roles as part of his career. He helped found the Union of Architects
of Azerbaijan in 1936 and served as its secretary for nearly
50 years. By 1939, he was a professor at the Institute and in
1945 was elected a full member of the Azerbaijan Academy of Sciences.
In 1948, Useynov became Director of the Institute of Architecture
and Arts of the Academy of Sciences of the Azerbaijan Republic,
a position he would hold for more than 40 years. He also gained
a strong reputation throughout the Soviet Union and on several
occasions was elected Secretary of the USSR Union of Architects.
Right: The Nizami Literature Museum was originally
a hotel converted in the late 1940s by Uzeynov.
Left: Cabinet of Ministers near the President's
Khrushchev came into power, a new stage in the development of
Soviet architecture soon followed. The Soviet leader spoke out
against ornamentation in architecture. He believed that people
needed houses to live in, not fancy decorations. Ornamentation
was a luxury that could not be afforded or tolerated.
Useynov disagreed, but had to obey the Party line despite his
own wishes. Otherwise, he would have been out of a job. Still
he continued to try to make subtle changes that would make buildings
more attractive. For example, the austere "matchbox"
apartment buildings built in Baku's micro-regions were not supposed
to have balconies-a feature that was considered to be unnecessary.
Somehow, Useynov managed to convince the authorities to add them
Eventually, Useynov got into trouble for fostering ideas that
were "against State policy." He was criticized for
his architectural "extravagances" and was pressured
after that, receiving fewer and fewer state work orders. Nor
was he re-elected to the Supreme Soviet.
Even his students paid a price. One Azerbaijani youth named Salamzade
went to Moscow to defend his architectural dissertation. During
the defense, one of the Russian architect - judges noted: "You
show here that Useynov is your advisor. But he is against State
policy." The relationship was too damaging: Salamzade failed.
difficult period of time, Useynov built the Azerbaijan Hotel
(1963) and the Absheron Hotel (1965), both on Lenin Square, now
Azadlig (Freedom) Square. The hotels were supposed to be built
with tiny lobbies, but Useynov pushed for larger ones.
Khrushchev was out of office, the Party's policy toward art and
architecture relaxed considerably. Azerbaijani architects were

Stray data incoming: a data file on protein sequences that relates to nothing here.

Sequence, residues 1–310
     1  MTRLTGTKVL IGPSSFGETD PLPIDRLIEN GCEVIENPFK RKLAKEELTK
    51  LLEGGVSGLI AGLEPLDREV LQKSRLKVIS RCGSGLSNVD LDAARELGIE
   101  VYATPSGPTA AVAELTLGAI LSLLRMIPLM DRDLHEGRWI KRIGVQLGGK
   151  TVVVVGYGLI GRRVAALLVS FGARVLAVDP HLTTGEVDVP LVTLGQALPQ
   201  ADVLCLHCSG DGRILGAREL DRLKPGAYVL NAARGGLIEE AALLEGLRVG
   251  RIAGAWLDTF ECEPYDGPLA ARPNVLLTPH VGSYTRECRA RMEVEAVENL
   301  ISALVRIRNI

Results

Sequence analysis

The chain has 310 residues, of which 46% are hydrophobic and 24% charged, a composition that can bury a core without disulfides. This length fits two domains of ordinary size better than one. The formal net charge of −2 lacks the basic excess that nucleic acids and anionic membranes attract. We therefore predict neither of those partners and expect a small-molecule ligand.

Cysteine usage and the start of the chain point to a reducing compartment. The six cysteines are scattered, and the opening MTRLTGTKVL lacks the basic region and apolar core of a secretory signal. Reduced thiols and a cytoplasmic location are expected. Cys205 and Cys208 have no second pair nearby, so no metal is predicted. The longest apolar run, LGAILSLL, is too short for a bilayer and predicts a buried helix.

able to visit foreign countries and incorporate new ideas into
their work. They began to understand that architecture needed
an aesthetic aspect as well as a functional one.
From that point on, Useynov could work as he had been used to.
He traveled to foreign countries and participated in international
congresses of architects in London, Havana, Paris, Madrid and
Mexico. At a congress of architects held in Isfahan, Iran, he
was appointed vice-president.
Heydar Aliyev also played a role in the architecture that emerged
from this period. Aliyev, as head of the Communist Party in Azerbaijan,
encouraged architecture that had aesthetic elements, even though
the official Party policy was against it. Aliyev also encouraged
Azerbaijani architects to combine modern elements from world
architecture with Azerbaijan's "national style."
Some Useynov buildings that reflect this "thaw" are
the most beautiful Metro stations "Narimanov" (1967),
"Nizami" (1970) and the Academy of Science (1976),
a guest house in Zugulba (a suburb of Baku), residences on Azadlig
Avenue (1970, 1973), and the Kapaz Hotel (1970) in Ganja.
war with Armenia in Nagorno-Karabakh (1988-present) affected
Useynov very deeply. For a person who had dedicated his life
to creating things, it was a tragedy for him to see houses and
monuments destroyed, villages burned, people killed and lives
ruined. On several occasions he appealed to UNESCO, the International
Union of Architecture and the Unions of Architecture of the former
Soviet Republics, asking them to protest the aggression and destruction.
In spite of such a tense atmosphere, Useynov continued his work.
Before he died in 1992, he founded the International Academy
of Architecture of Eastern Countries in Baku in order to encourage
contact between architects in other Eastern counties.
Throughout much of his lifetime, Useynov was praised and recognized
for his achievements. He was honored as People's
Architect of the USSR in 1970. On his 80th Jubilee in 1985, he
was named Hero of Socialist Labor. That same year, he became
a member of the Royal Asian Society of Great Britain and Ireland,
the second Azerbaijani to do so - the first had been Mirza Kazim
bey (1802-1870), a famous scholar and founder of Eastern studies
What was the
main force that enabled Useynov during his lifetime not to give
up architecture in the midst of all these pressures-turns and
twists of political whim? In my opinion, it was his faithfulness
and honesty to his own principles which allowed him to search
for ways to combine Eastern and European architectural elements
and aesthetics. In turn, this made his works easily recognizable-a
characteristic of only truly great masters.
Ilham Aliyev worked with Mikayil Useynov for nearly 30 years
at the Institute of Architecture and Art of Azerbaijan's Academy
of Sciences. After Useynov's death, Aliyev was chosen to succeed
him as President of the Union of Architects of Azerbaijan.
(6.4) Winter 1998.
© Azerbaijan International 1998. All rights reserved.